Isaac Lomman's decision to quit his day job and become a full-time hypnotist in 2015 has paid off big time.
Since taking on a 28-show run at Gluttony as part of the 2015 Adelaide Fringe, he has changed lives and travelled all over the world.
He was "a day out from Bora Bora", entertaining guests aboard a cruise ship, when he spoke with The Standard ahead of a visit to Murray Bridge this week.
"The last few years has been incredible," he said.
"Adelaide Fringe and the audiences that have come along with that have been overwhelmingly amazing."
He first learned about neuro-linguistic programming through his former sales job, and went on to study hypnotism books and take lessons from visiting practitioners.
Rather than using his powers to embarrass people, though, he aims to provide an evening of laughs and wonder with the cooperation of audience volunteers.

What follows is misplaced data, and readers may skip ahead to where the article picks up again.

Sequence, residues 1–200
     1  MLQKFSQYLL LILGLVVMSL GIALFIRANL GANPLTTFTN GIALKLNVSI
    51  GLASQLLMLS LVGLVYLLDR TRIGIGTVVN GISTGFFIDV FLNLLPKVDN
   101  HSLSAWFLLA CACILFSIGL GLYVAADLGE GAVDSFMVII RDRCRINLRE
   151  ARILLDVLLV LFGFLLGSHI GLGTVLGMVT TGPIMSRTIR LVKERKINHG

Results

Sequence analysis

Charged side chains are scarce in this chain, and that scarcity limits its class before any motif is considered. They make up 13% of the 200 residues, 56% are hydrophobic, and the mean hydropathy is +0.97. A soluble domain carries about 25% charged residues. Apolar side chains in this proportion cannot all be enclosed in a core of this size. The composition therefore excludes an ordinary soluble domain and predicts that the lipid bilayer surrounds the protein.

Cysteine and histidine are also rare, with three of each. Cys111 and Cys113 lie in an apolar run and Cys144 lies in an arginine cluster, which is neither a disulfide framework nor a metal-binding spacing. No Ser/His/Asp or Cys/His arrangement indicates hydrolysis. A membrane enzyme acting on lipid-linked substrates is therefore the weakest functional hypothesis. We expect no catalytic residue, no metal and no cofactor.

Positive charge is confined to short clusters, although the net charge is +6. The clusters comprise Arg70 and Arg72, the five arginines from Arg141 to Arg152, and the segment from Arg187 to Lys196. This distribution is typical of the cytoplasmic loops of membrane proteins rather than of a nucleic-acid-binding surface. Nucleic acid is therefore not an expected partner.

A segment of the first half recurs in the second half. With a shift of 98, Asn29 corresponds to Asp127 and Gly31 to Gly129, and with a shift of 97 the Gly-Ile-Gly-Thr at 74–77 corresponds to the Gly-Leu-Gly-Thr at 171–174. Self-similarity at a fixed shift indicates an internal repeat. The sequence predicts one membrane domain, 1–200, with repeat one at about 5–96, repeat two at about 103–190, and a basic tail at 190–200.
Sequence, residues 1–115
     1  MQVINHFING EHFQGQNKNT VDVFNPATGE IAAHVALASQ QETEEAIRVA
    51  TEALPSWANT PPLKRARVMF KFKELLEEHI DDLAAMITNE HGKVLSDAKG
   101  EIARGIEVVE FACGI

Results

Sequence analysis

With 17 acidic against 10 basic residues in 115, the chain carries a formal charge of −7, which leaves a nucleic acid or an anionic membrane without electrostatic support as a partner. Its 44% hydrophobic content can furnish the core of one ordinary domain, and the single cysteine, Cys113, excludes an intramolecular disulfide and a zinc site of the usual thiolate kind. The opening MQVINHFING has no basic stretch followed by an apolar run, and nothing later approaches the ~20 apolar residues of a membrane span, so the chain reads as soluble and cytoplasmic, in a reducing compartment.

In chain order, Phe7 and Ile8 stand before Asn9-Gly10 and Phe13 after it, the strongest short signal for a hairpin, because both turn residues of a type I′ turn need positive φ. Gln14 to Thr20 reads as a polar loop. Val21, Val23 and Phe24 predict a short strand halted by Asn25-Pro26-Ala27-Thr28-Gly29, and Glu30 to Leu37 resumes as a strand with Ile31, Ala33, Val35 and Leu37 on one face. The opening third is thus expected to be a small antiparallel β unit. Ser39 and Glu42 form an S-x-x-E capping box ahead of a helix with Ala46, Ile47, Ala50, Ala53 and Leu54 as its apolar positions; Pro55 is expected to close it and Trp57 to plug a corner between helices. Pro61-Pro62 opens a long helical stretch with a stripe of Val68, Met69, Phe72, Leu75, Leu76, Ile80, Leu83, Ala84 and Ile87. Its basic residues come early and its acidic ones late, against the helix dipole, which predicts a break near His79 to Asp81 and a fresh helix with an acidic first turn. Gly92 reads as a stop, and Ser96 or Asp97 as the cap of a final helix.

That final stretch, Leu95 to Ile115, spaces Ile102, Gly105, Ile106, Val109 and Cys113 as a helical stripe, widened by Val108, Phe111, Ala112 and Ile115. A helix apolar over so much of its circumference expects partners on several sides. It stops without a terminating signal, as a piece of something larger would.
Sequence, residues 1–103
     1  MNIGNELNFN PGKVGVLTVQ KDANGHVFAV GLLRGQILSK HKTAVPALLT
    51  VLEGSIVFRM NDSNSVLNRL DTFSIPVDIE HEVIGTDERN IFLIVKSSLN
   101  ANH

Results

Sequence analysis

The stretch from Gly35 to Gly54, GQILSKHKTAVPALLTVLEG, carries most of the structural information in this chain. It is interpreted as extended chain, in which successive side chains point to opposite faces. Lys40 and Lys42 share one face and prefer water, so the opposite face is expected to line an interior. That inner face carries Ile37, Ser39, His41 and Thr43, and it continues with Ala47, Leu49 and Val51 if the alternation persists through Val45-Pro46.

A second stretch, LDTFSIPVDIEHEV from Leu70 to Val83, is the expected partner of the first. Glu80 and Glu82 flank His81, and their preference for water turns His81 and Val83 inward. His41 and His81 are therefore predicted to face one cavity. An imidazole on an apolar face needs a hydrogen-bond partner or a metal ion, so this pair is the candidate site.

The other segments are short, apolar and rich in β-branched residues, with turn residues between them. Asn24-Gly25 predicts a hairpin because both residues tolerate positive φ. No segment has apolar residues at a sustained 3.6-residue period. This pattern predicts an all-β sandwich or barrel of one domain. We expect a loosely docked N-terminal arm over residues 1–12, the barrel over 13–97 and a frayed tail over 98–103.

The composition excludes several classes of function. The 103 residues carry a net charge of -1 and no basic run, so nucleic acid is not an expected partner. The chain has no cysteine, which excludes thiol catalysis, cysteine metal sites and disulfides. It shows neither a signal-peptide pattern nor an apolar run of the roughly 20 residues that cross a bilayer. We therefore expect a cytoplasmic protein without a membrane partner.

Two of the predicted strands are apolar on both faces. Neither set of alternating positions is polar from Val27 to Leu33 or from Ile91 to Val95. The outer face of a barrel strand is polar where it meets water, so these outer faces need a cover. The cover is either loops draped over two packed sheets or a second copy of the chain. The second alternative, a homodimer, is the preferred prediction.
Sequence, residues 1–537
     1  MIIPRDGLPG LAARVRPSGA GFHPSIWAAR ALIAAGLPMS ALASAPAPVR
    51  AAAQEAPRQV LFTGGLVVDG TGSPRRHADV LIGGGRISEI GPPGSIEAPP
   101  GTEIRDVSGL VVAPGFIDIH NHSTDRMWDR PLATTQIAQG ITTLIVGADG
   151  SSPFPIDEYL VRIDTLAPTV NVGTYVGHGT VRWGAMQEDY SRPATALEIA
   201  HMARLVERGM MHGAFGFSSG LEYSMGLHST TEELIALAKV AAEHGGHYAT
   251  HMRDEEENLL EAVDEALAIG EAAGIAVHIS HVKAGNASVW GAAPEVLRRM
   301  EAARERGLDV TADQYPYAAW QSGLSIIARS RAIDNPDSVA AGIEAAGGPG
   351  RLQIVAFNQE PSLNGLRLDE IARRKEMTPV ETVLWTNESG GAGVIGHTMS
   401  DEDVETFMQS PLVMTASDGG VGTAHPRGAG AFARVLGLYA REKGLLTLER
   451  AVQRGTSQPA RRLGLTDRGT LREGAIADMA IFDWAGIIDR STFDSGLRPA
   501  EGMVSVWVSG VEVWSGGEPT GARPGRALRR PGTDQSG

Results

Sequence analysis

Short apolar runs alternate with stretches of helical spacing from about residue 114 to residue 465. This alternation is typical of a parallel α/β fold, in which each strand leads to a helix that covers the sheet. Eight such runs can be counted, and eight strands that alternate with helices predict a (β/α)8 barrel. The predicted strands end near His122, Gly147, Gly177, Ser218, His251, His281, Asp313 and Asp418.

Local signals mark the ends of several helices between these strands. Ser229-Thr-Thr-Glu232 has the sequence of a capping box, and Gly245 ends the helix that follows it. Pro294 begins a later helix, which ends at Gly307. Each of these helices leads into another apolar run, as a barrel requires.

"I take care of people in my shows," he said.
"A lot of stage hypnotists get (audience members) to do routines that are ridiculous, dangerous and overly humiliating.
"I just create shows that are highly entertaining without the need to go too far."
The experience of being hypnotised felt like daydreaming, he said.
"I liken it to when we zone out in the car and get lost in our imaginations," he said.
"You're thinking about everything other than driving, yet if you needed to you could easily bring your attention back into the car and driving.
"It's a hyper-focused state of mind, not unconscious like sleep."
It was easiest to entrance people who regularly got into "the zone" through meditation, exercise or reading fiction, he said.
As well as entertaining, Lomman said he was passionate about using his abilities to change lives for the better - he will lead workshops for people who want to lose weight or quit smoking next Wednesday, after his Sunday night comedy show.
In time he hopes to host more "empowering, transformational" seminars, corporate speaking engagements and coaching sessions.